Statistics Canada’s quarterly report on cannabis prices suggests the cost chasm between legal and illegal versions of the drug is wide, and getting wider.
The data agency reported Wednesday that the price gap between the two types of cannabis is as wide as $4.72 a gram, on average.
Canada legalized recreational cannabis last October, but the rollout across the country has been plagued by delays, limited supply, and other logistical issues.
StatsCan has been asking Canadian cannabis users to tell them about how often they use the drug, and what they pay for it when they do, and the data paints an illuminating picture of a part Canadian society that used to operate solely in shadows.
Based on 572 voluntary responses the data agency deemed credible in the second quarter, StatsCan said the illegal version of the price fell from $6.23 per gram on average, at the start of the year, to $5.93 a gram in the three months up to the end of June.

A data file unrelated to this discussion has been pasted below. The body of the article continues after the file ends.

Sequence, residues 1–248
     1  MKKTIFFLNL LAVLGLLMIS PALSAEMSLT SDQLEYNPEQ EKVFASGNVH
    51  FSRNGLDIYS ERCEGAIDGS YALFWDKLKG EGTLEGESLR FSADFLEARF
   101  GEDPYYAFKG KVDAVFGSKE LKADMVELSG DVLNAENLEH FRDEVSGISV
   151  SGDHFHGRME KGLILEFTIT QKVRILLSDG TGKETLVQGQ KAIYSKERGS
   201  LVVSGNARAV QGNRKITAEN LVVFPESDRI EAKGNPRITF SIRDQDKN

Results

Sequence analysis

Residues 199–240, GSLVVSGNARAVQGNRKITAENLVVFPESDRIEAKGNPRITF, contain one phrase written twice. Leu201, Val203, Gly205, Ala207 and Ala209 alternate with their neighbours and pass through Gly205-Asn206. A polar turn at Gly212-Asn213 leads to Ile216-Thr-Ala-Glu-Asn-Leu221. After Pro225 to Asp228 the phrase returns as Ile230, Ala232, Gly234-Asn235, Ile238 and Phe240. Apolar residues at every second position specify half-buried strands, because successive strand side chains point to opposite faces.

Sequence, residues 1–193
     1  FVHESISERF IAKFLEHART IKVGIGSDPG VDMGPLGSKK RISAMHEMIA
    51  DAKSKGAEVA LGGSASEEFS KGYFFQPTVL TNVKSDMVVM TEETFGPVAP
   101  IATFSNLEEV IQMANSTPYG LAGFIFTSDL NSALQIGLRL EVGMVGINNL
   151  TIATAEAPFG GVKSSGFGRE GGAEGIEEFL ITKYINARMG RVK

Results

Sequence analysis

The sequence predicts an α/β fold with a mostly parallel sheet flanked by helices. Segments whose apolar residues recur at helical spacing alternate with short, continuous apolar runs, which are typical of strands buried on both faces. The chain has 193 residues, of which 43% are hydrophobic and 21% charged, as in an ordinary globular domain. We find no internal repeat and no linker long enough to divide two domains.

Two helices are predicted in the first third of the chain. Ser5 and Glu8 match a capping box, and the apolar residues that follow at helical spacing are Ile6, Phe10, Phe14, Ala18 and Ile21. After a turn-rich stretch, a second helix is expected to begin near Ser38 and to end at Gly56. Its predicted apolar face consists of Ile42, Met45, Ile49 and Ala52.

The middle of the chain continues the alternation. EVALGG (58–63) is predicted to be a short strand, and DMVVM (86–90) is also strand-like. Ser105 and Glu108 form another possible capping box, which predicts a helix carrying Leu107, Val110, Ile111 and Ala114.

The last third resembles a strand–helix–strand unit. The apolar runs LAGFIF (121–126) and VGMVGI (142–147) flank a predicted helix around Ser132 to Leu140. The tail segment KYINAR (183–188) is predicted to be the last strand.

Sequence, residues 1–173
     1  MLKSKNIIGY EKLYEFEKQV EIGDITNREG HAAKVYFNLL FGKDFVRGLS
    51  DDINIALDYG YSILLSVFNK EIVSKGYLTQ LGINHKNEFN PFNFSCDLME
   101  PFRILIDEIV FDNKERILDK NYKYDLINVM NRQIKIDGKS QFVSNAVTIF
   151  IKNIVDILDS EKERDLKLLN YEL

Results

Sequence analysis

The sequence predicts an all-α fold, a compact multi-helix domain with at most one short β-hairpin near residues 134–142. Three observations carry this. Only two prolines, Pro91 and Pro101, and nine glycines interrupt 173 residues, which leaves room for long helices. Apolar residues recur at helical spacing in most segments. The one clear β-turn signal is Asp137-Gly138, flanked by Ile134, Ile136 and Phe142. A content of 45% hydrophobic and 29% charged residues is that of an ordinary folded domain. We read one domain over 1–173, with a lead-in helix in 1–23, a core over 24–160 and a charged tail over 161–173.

Legal cannabis, meanwhile, went from $10.21 per gram to $10.65. That means the gap between the two is now as wide as $4.72 a gram.
And the gap is getting bigger, not smaller. Three months ago, StatsCan’s report of the first full quarter of price information showed the gap between legal cannabis and the illegal variety was $3.62 a gram.
That means the illegal stuff today is roughly half the cost of the legal variety. So it is not surprising that more than half — 59 per cent — of respondents said they purchased illegal cannabis during the period.
More than a third of them said they did so because the legal version is too expensive. The rest said they did so because they preferred the quality of the illegal options, or because it was too difficult to buy the legal stuff where they live.